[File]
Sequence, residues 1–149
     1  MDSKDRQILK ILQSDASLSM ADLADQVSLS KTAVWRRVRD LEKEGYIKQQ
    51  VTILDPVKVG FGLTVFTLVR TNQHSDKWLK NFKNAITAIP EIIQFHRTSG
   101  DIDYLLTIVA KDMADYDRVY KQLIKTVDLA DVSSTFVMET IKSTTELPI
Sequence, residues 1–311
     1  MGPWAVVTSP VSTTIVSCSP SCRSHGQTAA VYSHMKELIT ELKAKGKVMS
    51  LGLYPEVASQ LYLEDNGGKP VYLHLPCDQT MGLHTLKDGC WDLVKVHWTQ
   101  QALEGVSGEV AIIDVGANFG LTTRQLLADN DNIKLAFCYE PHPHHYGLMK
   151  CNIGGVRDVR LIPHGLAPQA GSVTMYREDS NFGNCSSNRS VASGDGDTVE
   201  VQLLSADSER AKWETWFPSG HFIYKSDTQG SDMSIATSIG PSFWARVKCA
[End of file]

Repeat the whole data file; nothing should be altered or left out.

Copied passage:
Sequence, residues 1–149
     1  MDSKDRQILK ILQSDASLSM ADLADQVSLS KTAVWRRVRD LEKEGYIKQQ
    51  VTILDPVKVG FGLTVFTLVR TNQHSDKWLK NFKNAITAIP EIIQFHRTSG
   101  DIDYLLTIVA KDMADYDRVY KQLIKTVDLA DVSSTFVMET IKSTTELPI
Sequence, residues 1–311
     1  MGPWAVVTSP VSTTIVSCSP SCRSHGQTAA VYSHMKELIT ELKAKGKVMS
    51  LGLYPEVASQ LYLEDNGGKP VYLHLPCDQT MGLHTLKDGC WDLVKVHWTQ
   101  QALEGVSGEV AIIDVGANFG LTTRQLLADN DNIKLAFCYE PHPHHYGLMK
   151  CNIGGVRDVR LIPHGLAPQA GSVTMYREDS NFGNCSSNRS VASGDGDTVE
   201  VQLLSADSER AKWETWFPSG HFIYKSDTQG SDMSIATSIG PSFWARVKCA